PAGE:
Saturday, 28 March 2009
Yone Noguchi, born -and known in JAPAN aS-Yonejiro Noguchi (野口米次郎 Noguchi Yonejirō, December 8, 1875 - July 13, 1947), was an influential writer of poetry, fiction, essays, and literary criticism in both English and Japanese.
It was in the darkest age of China that some poet declared, "To learn how to read is to learn how to be sad."
Autumn, -season of mists and mellow fruitfulness,
close bosom-friend of the maturing sun,
- is the book season of the year.
Here by a little hibachi, sipping tea ,the late Naofumi Ochiai's book of uta "Haginoya Kashu."
Dear, sad Haginoya!
How he loved the hagi flowers
How he sings of them--
Yes, the hagi it is,
The hagi is my life,
How could I forget
My own heart!
. . The modern poets may embrace a variety of rhythm and technical effects, and they may excel in descriptive song and external portraiture. But, alas, they lost the golden song of heart and love. Building of a composite period here in Japan.
Our song is growing quite idyllic.
Hear his simple muse--
From beyond the lake,
The temple bell is heard to-day too,
And the day, too,
Blown and blown and beaten
By the Autumn wind,
Yet the suzuki reed puts out its head,
-- Oh, how it is like me!
I push my sick body on
To the verandah, and I set
The butterfly free
From a spider's net.
Forgetting the floating world,
With thee, this day,
I gaze on
The white mountain cloud.
After the goddess of my dream
Lo, the lily white!
Are they the hair jewels
Forgotten by an angel,
Oh, dews upon the hagi flowers!
Thou art ill,
I am too.
What misery, what misery
In this world where we have so much to do!
The Autumn night is deep:
Canst [thou] hear
The passion talk of the man-star
And woman-star met together?
He has been dead some ten years. His last uta is sad indeed:
O fall of leaves, I'll dream
On the last silence of thy passing way,
I find his sweet temperament and also his unspeakable sadness in the following poems:
I cannot think of them
As the Spring things:
Yea, how lonely and quiet
Are they, --those white wistaria!
Like the Yellow cloud!
Toward the Lord Buddha!
And when I try to find his highest lyrical loftiness I read the following. They are of the real poetical creation according to our Japanese judgment, --the work which only the soul steeped in poetry could utter:--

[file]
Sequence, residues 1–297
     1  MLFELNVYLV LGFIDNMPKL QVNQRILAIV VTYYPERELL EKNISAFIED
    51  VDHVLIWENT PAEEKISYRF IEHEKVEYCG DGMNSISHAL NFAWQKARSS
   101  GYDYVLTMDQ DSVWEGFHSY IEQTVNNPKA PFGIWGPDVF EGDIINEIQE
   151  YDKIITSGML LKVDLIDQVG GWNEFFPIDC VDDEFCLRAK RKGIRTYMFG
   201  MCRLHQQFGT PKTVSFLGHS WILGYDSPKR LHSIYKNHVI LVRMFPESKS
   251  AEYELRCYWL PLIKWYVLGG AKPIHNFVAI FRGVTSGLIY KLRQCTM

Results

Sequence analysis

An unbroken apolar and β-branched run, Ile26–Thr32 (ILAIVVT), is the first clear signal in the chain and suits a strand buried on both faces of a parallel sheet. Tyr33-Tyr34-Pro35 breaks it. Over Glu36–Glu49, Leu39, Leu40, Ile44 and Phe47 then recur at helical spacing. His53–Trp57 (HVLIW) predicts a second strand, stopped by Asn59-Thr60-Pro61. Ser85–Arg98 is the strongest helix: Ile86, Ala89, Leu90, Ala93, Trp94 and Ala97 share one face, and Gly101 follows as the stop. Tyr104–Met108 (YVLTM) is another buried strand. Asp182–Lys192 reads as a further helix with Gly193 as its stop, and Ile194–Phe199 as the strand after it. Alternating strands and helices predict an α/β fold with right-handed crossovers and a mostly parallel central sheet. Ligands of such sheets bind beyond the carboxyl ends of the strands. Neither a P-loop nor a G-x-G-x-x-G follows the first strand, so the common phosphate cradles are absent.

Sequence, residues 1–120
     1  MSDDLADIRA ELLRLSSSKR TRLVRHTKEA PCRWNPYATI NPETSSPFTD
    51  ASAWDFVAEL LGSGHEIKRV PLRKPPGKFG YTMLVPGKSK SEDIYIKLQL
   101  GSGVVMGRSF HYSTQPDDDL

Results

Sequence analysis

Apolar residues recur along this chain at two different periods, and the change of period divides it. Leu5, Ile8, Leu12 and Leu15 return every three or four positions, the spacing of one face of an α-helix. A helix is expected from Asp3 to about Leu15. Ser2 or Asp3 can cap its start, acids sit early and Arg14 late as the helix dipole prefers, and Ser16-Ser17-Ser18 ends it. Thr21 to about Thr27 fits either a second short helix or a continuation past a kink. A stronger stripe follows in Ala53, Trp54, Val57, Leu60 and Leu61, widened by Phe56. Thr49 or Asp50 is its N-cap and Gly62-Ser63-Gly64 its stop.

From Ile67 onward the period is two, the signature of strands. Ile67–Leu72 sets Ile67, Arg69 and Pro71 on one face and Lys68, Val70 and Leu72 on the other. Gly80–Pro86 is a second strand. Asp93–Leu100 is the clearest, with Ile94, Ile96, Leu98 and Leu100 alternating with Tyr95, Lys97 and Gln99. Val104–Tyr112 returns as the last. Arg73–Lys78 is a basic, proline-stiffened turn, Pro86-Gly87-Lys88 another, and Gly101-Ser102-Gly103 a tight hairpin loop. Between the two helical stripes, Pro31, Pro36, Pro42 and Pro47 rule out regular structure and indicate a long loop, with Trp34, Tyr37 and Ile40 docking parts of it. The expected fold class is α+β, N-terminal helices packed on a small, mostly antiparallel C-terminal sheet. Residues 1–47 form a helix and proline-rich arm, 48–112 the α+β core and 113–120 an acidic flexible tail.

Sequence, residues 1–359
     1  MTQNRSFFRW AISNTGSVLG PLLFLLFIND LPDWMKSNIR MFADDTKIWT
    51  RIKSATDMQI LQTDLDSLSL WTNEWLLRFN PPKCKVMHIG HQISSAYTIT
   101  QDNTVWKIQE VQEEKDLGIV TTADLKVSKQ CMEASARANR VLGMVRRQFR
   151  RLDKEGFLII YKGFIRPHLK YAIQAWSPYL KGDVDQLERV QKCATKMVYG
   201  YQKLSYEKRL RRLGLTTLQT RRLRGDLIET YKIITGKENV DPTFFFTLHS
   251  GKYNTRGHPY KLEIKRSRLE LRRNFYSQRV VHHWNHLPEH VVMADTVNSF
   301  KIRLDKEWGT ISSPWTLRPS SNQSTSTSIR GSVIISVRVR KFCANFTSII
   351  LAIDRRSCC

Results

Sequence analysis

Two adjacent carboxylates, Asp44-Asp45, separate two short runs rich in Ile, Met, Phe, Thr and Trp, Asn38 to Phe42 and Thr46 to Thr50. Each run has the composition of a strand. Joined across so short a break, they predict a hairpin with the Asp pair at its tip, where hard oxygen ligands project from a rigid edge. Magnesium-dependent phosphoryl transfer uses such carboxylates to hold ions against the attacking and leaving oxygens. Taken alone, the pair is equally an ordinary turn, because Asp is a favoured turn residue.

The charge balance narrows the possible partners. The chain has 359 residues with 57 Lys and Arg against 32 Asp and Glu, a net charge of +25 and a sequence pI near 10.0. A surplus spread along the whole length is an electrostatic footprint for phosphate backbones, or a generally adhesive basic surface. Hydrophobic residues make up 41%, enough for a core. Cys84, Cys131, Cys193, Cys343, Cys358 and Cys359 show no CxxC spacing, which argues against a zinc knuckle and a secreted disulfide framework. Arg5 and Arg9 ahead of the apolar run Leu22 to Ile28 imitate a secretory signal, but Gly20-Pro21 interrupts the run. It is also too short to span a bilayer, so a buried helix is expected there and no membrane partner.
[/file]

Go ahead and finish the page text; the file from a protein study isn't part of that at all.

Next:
Suppose the morning stars
Fall and break?
Do they sound
Like my own song?
I will sleep on Fuji's Mountain top,
And see whether my dream
Rise to the heavens,
Or fall to the earth.
In the midnight,
I awake, and think over the song:
Oh, am I not
As a cataract
It once has fallen,
And now it rises up,---
Lo, white mountain cloud!
What difference they show from the somewhat suffocated English poems! It is a delightful change to read after Keats and Tennyson. Any one who has such tenderness and fancy in heart, I should say, could appear as a genuine poet under any clime. It is a pity that such simple song is dying away in Japan.
Monday, 23 March 2009
Taneda Santöka Free style haiku, Santōka is often ranked along side Ozaki Hösai, a fellow student of Seisensui. They both suffered from the ill effects of their drinking habits and were similar in their reliance on Seisensui and other patrons of the arts for aid and support. The literary tone of their poems, however, differs .
Haiku excerpts from Hiroaki Sato’s translation of Santōka’s Grass and Tree Cairn
I go in still blue mountains
Wakeitte mo wakeitte mo aoi yama
Orientals like to contemplate them.
Fluttering drunk leaves
horohoro yöte ki no ha chiru
Westerners like to conquer mountains;
As for me, I like to taste the mountains.
Taneda Santooka 種田山頭火(1882-1940)a haiku nonconformist who cast aside all the rules including the 5-7-5 syllable structure, is also associated with Matsuyama. Santoka, an ordained Zen priest, after spending most of his life wandering all over the country as a begging monk, chose to settle in Matsuyama only to die 10 months later. The humble cottage where he dwelt -- Isso-an (A Blade of Grass Hermitage) is preserved north of Ehime University.His books and documents are also preserved in Shiki Memorial Museum.
Hōsai (尾崎 放哉) Ozaki Hoosai, Ozaki Hosai 20 January 1885 - 7 April 1926An alcoholic, Ozaki witnessed the birth of the modern free verse haiku movement. His verses are permeated with loneliness, most likely a result of the isolation, poverty and poor health of his final years.
I go in still blue mountains
Wakeitte mo wakeitte mo aoi yama
Fluttering drunk leaves
Horohoro yōte ki no ha chiru Haiku excerpts from Burton Watson’s translation For All My Walking
where the fire was
yake-ato nani yara saite iru
feel of the needle
when at last
you get the thread through it
yatto ito ga tōtta hari no kanshoku
in the voices of children
the sun shines—
Saturday, 14 March 2009
"And, elsewhere, sudden arrows entered eyes
Like sleep that takes a warrior by surprise;
Like love, spears pierced through hearts, and like good sense
Axes split open heads and arguments.
It seemed that swords found out exactly where
God placed the soul with such abundant care,
And where men's flesh was opened by the blade
The soul fled through the gaping wound it made"